(PRWEB) September 09, 2013
Women in the U.S. and around the world lost an unwavering champion back in June. Today, the United Nations Foundation and Planned Parenthood Federation of America are honoring the life and legacy of the late Senator Frank Lautenberg with the third annual International Family Planning Hero Award.
The myriad victories from his 30 years in Congress include fighting to maintain funding for UNFPA, which provides health care and services to women in 150 countries; helping repeal the Global Gag Rule, which barred NGOs receiving U.S. financial aid from using separately obtained non-U.S. funds to educate foreign audiences about the need for safe and legal abortion services; fighting to pass the Affordable Care Act, which gives millions of women in the U.S. access to birth control with no co-pay; and advocating for partnerships with USAID, UNFPA, Every Woman Every Child, Family Planning 2020, and other organizations that work to inform U.S. policymakers about the need for family planning services around the globe.
It’s more important than ever for Congress to continue Senator Lautenberg’s legacy. Reproductive health has become an increasingly political issue, and women, families and communities are suffering as a result. Worldwide, there are still more than 220 million women who want access to family planning but can’t get it. Research has shown that meeting this unmet need would cut maternal mortality by 1/3 and infant mortality by up to 20%.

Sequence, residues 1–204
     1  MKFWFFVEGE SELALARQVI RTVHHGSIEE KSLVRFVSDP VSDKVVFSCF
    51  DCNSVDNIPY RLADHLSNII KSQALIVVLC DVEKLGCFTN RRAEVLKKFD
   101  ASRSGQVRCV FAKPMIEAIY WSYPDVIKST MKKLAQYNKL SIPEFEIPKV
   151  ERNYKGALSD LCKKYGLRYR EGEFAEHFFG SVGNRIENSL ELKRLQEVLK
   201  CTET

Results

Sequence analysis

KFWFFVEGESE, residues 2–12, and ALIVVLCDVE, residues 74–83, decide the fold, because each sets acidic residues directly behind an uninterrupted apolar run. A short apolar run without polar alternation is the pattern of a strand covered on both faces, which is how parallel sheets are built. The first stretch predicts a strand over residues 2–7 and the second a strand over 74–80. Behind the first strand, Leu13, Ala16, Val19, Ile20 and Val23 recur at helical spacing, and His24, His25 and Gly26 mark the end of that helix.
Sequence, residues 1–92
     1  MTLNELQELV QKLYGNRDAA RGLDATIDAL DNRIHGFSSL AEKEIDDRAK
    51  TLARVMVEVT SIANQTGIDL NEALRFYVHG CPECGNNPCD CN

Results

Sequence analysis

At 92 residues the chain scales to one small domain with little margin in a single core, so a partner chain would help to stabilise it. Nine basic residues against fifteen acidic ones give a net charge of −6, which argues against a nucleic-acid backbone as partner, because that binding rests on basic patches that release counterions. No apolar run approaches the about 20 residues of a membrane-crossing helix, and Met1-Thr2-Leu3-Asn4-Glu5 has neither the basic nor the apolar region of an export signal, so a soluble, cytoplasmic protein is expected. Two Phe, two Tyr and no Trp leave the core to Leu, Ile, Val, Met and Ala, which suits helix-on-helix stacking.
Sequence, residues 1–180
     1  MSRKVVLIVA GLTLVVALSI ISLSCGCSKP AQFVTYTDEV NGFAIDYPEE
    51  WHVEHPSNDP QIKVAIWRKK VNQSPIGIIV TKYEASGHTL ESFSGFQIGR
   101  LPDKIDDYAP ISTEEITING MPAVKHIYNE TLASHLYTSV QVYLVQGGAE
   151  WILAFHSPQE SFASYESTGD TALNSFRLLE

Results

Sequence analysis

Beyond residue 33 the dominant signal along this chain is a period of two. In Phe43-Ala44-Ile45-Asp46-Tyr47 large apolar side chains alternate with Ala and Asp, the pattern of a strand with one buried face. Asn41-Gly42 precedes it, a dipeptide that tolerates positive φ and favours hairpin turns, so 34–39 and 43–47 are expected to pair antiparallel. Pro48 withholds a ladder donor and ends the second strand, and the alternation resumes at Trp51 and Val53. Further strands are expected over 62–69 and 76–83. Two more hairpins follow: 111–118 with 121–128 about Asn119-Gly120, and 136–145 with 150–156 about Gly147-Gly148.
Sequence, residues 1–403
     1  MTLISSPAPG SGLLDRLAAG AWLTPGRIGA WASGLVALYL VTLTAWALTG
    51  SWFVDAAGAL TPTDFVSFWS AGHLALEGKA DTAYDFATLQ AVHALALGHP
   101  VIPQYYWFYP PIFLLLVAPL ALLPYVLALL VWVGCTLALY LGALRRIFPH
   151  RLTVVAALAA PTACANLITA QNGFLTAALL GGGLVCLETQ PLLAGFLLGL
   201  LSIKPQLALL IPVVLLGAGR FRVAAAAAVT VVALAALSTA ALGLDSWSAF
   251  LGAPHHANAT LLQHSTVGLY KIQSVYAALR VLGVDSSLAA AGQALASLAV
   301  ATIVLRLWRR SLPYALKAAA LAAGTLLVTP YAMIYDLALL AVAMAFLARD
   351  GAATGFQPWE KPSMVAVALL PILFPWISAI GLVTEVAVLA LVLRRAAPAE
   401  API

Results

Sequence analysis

Those are impressive results – and increasing U.S. funding for international family planning and reproductive health programs would help turn them from numerical predictions into tangible realities. Such a funding increase would also generate savings in other development programs: every $1 invested in family planning services saves, on average, $2.64 in education, $0.25 in immunization, $1.02 in water and sanitation, and $1.68 in maternal health.
As we honor Senator Lautenberg today, let’s also celebrate his outspoken commitment to helping women get the family planning and reproductive health services they need and want. Let us all speak up and tell today’s Congress that providing access to voluntary family planning isn’t just the right thing to do: it’s the smart thing to do.
By Seema Jalan